Jock: You did some nice things last week. Not one of your best games but you did some nice things. Glorious mark you took in the second quarter. You just seemed to go up and up.
Geoff: I felt like Achilles.
Jock: Who’s he?
Geoff: A Greek guy who could really jump.
Jock: [nods] Some of our new Australians could be champions if they’d stop playing soccer and assimilate.
The Club, Act 1. David Williamson – 1977
It is not everyday that I get an unsolicited tweet response from a newspaper editor (as I am sure they have more pressing things than reading and responding to my tweets) but I am always chuffed when it happens. I got one yesterday from Andrew Tate, editor of the Sport section of the Sunday Age in response of my questioning of two articles in the paper.
Other tweeters like Athas Zafiris picked up on the story.
Then Ezequiel Trumper continued:
Even Michael Lynch, who writes for the Sunday Age got into the fray.
The fact that the article was titled ‘The World Game’ was a probably a bit of a light hearted reference that that term is used when we talk about Association Football. Interesting considering that some Aussie Football fans get a bit agitated when we use ‘football’ instead of ‘soccer’. But this is a minor point really.
The article in question then quotes the AFL’s international development manager Tony Woods:
There is almost a paradox that we all share in the belief that it is the best game in the world and most spectacular, yet sometimes we are a little bit slow in opening our arms to letting other people play it.
“At junior and grassroots level kids are really looking for an alternative to rugby. That has basically allowed soccer in New Zealand to get a foothold.”
Apart from the fact that soccer was ‘allowed’ a foothold (heavens forbid) what escaped may have Mr. Woods, but more importantly the journalist Jared Lynch, is that in New Zealand soccer was there yonks before any kiwis even knew the existence of the Aussie game. As Ian Syson states in a tweet:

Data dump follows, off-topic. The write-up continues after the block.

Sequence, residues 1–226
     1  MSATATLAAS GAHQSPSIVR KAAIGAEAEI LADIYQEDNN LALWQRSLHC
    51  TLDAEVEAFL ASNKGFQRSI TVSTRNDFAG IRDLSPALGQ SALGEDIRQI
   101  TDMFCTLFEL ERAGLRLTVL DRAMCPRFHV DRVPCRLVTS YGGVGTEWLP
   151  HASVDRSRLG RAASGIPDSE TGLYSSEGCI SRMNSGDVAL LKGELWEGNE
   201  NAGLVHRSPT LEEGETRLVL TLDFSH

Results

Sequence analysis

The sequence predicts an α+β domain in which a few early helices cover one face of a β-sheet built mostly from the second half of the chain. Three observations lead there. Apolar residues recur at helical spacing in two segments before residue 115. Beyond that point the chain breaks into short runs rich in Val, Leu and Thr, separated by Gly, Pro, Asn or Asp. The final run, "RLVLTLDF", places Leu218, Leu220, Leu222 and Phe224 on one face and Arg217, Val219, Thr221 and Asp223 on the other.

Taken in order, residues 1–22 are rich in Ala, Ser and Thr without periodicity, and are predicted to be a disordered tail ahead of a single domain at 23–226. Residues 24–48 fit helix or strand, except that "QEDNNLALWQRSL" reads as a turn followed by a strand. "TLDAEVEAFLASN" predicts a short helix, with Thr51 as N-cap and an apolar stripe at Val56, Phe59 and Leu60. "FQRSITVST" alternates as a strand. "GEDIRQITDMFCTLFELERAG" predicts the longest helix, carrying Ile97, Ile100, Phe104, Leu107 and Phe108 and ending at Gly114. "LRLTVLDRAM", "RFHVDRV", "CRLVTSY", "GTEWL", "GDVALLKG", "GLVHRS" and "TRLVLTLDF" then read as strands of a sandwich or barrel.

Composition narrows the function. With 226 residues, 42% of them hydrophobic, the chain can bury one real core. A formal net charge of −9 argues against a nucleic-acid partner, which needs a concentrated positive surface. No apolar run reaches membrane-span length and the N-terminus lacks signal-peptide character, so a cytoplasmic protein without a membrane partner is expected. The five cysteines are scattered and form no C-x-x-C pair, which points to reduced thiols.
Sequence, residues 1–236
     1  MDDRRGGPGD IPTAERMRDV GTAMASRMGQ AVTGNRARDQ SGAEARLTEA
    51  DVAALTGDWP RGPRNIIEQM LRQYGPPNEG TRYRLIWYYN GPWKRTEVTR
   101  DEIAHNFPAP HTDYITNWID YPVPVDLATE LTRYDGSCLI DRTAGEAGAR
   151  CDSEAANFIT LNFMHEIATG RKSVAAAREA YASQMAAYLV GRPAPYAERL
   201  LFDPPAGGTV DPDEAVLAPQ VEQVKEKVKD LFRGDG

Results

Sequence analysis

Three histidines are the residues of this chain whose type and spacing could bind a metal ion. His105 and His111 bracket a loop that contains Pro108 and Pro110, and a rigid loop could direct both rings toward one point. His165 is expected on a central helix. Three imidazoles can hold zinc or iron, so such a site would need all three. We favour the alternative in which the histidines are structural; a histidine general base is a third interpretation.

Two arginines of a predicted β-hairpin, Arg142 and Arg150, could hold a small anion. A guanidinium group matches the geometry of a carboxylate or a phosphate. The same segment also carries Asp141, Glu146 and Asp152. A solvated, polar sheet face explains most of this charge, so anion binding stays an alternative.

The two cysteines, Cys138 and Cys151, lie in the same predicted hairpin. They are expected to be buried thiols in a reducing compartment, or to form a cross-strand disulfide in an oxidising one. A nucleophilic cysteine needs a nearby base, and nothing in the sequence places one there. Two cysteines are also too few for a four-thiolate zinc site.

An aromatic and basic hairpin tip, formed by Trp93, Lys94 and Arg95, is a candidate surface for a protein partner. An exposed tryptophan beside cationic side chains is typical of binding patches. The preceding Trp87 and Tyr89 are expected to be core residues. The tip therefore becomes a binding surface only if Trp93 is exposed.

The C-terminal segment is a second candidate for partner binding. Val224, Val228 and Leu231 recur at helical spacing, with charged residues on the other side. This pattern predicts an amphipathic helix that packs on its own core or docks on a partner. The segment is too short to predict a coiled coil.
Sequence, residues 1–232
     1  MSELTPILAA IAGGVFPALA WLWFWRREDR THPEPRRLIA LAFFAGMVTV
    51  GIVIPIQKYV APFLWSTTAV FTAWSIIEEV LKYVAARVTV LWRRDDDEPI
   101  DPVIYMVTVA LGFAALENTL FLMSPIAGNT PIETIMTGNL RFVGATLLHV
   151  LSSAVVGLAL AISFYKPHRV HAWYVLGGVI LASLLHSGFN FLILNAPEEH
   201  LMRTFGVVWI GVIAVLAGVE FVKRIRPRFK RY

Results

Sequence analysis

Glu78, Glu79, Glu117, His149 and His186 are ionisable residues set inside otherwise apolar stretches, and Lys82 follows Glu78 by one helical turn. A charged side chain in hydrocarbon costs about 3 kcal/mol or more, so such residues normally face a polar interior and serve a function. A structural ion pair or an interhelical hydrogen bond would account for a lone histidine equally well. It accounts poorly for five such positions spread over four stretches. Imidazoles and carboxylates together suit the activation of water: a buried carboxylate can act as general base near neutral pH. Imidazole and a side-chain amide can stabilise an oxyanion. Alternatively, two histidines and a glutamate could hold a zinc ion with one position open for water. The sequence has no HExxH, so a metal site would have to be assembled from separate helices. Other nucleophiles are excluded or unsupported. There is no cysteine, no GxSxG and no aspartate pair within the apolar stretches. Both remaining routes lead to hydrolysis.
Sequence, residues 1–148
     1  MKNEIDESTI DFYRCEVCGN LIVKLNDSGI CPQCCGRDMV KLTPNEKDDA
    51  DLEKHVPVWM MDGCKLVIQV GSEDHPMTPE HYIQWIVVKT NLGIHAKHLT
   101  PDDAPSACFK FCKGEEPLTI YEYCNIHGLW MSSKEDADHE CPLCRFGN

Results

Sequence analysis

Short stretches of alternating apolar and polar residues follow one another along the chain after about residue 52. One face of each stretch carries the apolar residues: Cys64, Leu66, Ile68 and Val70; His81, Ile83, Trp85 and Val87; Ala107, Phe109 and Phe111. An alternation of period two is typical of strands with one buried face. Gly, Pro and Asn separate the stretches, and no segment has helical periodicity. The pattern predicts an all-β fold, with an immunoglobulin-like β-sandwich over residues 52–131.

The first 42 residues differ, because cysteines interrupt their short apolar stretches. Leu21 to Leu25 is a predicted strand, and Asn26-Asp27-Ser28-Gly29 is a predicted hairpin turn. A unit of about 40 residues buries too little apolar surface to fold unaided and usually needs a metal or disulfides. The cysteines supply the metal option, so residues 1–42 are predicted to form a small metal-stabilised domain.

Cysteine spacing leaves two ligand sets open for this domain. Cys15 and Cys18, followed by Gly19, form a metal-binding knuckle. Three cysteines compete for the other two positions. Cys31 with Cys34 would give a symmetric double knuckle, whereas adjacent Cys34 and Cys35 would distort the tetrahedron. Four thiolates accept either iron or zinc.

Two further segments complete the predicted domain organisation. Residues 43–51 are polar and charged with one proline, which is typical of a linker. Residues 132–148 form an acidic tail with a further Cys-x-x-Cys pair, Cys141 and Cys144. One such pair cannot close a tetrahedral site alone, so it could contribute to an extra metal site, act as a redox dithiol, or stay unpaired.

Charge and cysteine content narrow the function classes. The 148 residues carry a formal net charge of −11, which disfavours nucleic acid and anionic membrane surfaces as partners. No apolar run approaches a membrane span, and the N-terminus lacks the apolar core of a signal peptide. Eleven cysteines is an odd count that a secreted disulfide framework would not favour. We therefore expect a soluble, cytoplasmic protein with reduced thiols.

Maybe the fact that a New Zealand team was able to represent (very honourably) their nation in the most popular sport event in the world (something that Aussie Rules can’t do) in South Africa may also have something to do with it.
Anyway, this banter must have attracted the attention of the Sunday Age Sports editor who tweeted:
I didn’t respond to this, because discussing issues on tweeter with a 140 character limit is very difficult. The article Andrew refers is about Lucas Neil and his perfect footballer. Which was interesting enough, but I think he missed the point. One is a ‘AFL is the best thing ever’ story, while the other is about Neil idea of the perfect footballer. They are not the same. And again I have no problem with the article in itself. The issue I have is that we hardly have any pieces which place soccer/football in the same cultural level. Have we read about soccer/football importance in Australia’s history? or that soccer/football has been part and parcel of Australia’s sport landscape long before post war migration? And it doesn’t stop there. On Saturday we learned that apparently AFL is going to solve the Israel – Palestinian conflict. The power of the AFL knows no bounds.
What these articles show is not only the fact that the AFL, despite its hegemony in the mainstream media is strangely feeling anxious of not been international, but also ignores the fact that soccer/football is the international sport par excellence and the fact that the media, in general, doesn’t give it much credit. Football doesn’t need to push to become international. It’s already there. The worldwide audience for the recent Australia – Japan match dwarfed anything that the AFL or NRL could achieve, and Adelaide United is in the quarter finals of the Asian Champions League. We don’t read much about that, and how that promotes the image of Australia overseas. And sorry, but playing in one of the major FIFA tournaments is a bit more significant than a few kids playing footy in a paddock somewhere in China or India, in a sport that despite being a great game – will be probably as popular as lacrosse is here in Australia. As an example we only have to read the FFA ‘s submission to the Australia in the Asian Century White Paper. That is the reality of the game.
And by the way. It may have escaped the editors of the Sunday Age, but in the picture of the article the kids are playing with the footy are wearing AC Milan, Tibet National Football Team and Chelsea shirts. World Game indeed.